• Main Office: 511 Pelissier Street, Windsor, ON N9A 4L2 | Satellite Office: 67 Adelaide Street South Chatham, Ontario N7M 4R1
  • 1-800-265-4858


Welcome Service Users

On this page you will find resources for those currently living with an HIV diagnosis, newly diagnosed or individuals engaging in behaviours that are putting them at an increased risk of HIV transmission.


Educating you, the community member is key to dispelling some of the myths and misconceptions that exist within our communities regarding an individual’s vulnerability to HIV infection, HIV diagnosis, treatment and care.


Committee for Accessible AIDS Treatment (CAAT)

CAAT is a coalition of more than 30 Ontario based organizations from the legal, health, settlement and HIV/AIDS sectors. It was formed in 1999 to improve treatment and service access for marginalized people with HIV/AIDS. Since its inception, CAAT has been at the forefront of education, research, service coordination and advocacy on issues related to HIV, immigration and access.

HIV & AIDS Legal Clinic Ontario (HALCO)

HALCO is a charitable not-for-profit community-based legal clinic that provides free legal services for people with HIV/AIDS who live in Ontario, Canada.

Naloxone Program

Offered every Tuesday from 1:00pm to 5:00pm at the AIDS Committee of Windsor’s office (Windsor only). The program aims to educate opioid users surrounding overdose and the administering of Naloxone.

Opioids Toolkit

Health Canada opioid resources as part of an opioids toolkit

Hello Ontario

Check out the new resource, HelloOntario.info, which was created for people who are new to Ontario and who have been diagnosed with HIV or are at risk of acquiring it. Comprising a website and pocket guide, the resource provides newcomers with information to help them access HIV prevention, testing, care and support services. It includes important information about the status of HIV in Ontario, how HIV may (or may not) impact their application to live in Canada, settlement & legal services, health care services and medication access, social programs and services, and more. Both the website and the accompanying pocket guide are available in English and French.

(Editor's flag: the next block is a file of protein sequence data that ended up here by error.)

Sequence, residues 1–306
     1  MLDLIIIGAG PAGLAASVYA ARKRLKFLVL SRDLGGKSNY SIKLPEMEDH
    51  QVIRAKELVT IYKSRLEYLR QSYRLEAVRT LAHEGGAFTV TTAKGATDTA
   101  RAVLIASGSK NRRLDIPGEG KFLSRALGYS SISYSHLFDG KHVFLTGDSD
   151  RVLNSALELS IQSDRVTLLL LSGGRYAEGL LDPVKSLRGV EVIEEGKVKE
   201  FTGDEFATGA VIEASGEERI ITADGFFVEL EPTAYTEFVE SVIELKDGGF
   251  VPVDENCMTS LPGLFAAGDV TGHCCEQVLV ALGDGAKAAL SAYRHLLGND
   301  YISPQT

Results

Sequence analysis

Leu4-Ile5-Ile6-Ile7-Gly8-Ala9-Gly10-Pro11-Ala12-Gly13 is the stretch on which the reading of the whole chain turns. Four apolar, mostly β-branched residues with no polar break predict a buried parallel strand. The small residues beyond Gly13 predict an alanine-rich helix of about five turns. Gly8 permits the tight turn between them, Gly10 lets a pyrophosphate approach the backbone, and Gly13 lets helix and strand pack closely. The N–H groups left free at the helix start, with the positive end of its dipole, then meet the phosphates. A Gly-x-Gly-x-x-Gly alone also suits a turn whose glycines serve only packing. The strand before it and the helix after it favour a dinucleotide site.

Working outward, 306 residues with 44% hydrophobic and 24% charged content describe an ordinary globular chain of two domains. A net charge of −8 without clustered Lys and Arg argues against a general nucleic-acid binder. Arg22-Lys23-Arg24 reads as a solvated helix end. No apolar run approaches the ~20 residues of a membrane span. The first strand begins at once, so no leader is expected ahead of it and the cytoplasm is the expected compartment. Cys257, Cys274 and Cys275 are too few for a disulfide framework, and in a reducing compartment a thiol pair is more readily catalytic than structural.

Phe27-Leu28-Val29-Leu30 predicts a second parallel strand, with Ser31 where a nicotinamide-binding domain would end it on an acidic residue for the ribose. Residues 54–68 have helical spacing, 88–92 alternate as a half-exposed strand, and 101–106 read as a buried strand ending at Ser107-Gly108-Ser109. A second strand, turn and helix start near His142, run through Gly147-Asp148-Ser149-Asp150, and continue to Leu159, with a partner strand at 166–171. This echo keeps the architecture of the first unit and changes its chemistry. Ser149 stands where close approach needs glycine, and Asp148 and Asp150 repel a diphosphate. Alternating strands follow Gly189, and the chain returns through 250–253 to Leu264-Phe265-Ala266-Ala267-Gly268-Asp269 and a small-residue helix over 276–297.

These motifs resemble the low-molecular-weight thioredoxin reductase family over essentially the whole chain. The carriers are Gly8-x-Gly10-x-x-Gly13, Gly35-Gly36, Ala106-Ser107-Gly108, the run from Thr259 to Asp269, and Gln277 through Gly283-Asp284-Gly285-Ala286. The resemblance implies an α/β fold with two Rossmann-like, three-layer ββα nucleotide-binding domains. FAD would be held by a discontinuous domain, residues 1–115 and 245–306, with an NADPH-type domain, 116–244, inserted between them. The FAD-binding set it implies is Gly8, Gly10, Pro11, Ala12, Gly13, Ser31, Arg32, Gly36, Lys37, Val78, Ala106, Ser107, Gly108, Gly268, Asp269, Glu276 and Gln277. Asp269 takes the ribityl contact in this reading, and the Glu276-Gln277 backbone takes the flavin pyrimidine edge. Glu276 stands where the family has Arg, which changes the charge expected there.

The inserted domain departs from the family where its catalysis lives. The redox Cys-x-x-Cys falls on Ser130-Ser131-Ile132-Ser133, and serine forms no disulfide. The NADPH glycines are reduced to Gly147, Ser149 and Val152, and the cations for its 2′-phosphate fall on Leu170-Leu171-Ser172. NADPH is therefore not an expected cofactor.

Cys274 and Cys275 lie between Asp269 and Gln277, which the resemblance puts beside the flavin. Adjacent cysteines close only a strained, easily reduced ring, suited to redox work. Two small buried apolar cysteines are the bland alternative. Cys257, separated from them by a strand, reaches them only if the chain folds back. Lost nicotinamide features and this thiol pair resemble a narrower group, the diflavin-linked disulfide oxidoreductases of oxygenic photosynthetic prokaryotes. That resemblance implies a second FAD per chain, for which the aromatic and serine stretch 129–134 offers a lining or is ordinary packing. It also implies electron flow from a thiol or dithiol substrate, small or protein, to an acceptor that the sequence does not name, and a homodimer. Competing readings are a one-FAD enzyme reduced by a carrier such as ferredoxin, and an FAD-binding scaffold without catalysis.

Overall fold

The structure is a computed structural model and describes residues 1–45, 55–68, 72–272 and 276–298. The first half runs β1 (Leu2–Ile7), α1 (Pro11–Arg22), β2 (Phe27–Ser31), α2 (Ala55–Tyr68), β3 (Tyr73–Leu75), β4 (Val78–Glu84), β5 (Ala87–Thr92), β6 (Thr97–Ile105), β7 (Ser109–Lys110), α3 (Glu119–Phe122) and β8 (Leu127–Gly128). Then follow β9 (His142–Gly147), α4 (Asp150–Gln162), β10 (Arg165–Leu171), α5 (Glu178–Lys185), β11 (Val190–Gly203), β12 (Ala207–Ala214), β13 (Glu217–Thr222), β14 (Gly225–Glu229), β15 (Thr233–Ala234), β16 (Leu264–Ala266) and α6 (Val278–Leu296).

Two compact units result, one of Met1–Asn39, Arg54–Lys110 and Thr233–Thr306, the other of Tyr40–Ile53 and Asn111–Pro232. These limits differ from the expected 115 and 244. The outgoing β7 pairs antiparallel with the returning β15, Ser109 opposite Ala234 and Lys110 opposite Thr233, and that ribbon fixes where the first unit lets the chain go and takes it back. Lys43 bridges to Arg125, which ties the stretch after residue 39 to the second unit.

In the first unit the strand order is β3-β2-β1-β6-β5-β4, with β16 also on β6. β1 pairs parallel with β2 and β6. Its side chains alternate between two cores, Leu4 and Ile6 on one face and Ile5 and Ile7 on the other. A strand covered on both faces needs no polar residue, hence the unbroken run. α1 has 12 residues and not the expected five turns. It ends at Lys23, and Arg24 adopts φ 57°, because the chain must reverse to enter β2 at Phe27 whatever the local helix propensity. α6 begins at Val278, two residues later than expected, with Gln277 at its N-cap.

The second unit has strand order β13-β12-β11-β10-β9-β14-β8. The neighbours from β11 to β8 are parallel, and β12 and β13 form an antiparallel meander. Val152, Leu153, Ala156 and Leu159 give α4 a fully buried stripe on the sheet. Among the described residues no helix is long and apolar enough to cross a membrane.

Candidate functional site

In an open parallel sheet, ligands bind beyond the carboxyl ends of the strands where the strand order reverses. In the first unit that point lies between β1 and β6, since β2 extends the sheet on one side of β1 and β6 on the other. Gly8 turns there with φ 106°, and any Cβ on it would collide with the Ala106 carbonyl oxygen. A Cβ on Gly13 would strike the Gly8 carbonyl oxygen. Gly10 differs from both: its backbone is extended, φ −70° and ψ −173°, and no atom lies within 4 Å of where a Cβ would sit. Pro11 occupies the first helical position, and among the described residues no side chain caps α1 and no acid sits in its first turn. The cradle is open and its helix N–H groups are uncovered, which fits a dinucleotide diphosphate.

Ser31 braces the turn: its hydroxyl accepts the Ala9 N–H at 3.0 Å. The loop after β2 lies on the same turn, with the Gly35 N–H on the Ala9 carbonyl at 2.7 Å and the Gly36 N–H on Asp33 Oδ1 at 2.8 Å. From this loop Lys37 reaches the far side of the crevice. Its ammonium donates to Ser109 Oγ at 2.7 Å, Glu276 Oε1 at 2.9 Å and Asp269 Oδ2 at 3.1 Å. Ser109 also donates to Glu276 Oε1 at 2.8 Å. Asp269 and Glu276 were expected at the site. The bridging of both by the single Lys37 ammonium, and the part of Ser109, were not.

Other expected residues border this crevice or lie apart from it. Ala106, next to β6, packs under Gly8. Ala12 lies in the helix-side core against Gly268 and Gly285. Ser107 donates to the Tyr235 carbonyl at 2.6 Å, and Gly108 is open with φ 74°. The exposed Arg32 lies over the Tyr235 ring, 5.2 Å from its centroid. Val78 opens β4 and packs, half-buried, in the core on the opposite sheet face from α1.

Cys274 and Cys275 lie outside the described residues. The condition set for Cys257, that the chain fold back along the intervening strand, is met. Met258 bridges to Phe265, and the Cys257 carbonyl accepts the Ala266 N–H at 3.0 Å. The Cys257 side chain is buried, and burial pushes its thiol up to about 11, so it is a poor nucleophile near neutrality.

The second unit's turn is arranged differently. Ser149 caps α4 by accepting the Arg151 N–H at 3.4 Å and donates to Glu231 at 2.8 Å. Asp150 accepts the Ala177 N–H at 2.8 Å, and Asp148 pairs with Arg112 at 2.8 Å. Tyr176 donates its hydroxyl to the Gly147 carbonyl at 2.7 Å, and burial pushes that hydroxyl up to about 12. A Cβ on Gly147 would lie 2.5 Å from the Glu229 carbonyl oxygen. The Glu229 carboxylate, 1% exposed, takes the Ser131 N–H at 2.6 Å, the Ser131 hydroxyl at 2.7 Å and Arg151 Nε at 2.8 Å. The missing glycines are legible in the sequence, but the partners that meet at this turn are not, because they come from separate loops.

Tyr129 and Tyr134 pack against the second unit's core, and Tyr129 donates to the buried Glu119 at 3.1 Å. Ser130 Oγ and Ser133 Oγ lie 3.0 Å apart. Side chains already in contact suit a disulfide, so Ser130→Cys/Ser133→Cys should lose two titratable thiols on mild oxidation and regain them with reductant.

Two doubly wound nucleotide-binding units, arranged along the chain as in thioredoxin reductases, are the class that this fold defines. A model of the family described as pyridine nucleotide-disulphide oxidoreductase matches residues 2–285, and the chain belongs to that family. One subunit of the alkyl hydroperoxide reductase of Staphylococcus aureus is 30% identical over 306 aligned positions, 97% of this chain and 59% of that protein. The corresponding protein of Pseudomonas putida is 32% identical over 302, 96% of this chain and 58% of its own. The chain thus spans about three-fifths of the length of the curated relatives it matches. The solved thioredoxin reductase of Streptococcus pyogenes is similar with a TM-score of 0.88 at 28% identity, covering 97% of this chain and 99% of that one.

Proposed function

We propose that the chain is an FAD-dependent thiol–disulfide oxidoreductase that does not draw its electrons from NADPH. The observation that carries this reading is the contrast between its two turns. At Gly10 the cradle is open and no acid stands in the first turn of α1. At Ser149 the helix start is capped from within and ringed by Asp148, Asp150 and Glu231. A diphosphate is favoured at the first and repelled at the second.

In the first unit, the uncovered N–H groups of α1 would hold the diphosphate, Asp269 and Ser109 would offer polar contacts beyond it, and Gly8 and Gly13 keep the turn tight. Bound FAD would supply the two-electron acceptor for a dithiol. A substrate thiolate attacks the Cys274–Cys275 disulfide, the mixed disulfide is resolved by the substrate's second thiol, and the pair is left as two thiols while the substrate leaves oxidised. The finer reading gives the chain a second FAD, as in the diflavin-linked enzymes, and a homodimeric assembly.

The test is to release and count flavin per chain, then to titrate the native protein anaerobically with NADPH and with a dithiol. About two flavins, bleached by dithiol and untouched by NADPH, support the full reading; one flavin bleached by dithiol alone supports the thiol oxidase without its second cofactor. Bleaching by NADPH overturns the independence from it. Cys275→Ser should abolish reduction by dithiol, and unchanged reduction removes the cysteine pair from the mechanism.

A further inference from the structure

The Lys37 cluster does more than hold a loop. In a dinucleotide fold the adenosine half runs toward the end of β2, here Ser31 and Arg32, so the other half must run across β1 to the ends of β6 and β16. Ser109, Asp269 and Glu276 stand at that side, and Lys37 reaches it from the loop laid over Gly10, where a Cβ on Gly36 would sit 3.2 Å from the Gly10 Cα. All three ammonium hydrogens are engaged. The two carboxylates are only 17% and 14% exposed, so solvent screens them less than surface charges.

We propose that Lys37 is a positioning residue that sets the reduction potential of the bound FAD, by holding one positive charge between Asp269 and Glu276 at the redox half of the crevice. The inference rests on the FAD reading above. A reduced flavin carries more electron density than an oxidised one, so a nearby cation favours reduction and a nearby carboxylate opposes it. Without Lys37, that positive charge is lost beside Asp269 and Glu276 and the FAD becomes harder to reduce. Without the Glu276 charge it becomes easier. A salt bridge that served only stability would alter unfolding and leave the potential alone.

CATIE is Canada’s online source for the most up to date HIV and hepatitis C information.

Frequently Asked Questions

The following are the most frequently asked questions of our staff by service users.

I’m newly diagnosed. What now?

A positive HIV antibody test is scary news but it’s not a death sentence. Many people are alive and well 20 years or more after testing positive for HIV. A positive test result is an important medical message that may save or extend your life. Whether you took the test or not, sooner or later you would have learned of your HIV infection status. If you learn by testing, you have a chance to slow or prevent some of the possible medical consequences. If you didn’t get tested, HIV would have announced itself at some point in the form of an infection or damage to your immune system. But if you waited for the disease to announce itself, many of your best medical options may already be lost.

Most testing services provide counseling to help people handle the news. The real work, however, is up to you. Given the right attitude and the right information, HIV infection can be managed like any other chronic illness, one which some people seem able to survive for decades. Getting informed and taking charge of your health is the first step towards managing your condition.

Where can I get free condoms?

Free condoms are available at both AIDS Committee of Windsor offices through our Needle Syringe Programs. You can also access free condoms at various sexual health clinics around the city. Below is a list of a few locations:

– Windsor-Essex County Health Unit Sexual Health Clinics (Windsor & Leamington)

– Chatham-Kent Public Health

– University of Windsor Student Health Services

– Windsor-Essex Community Health Centres

HIV & disclosure; who do I need to tell, and when?

Who do I need to tell?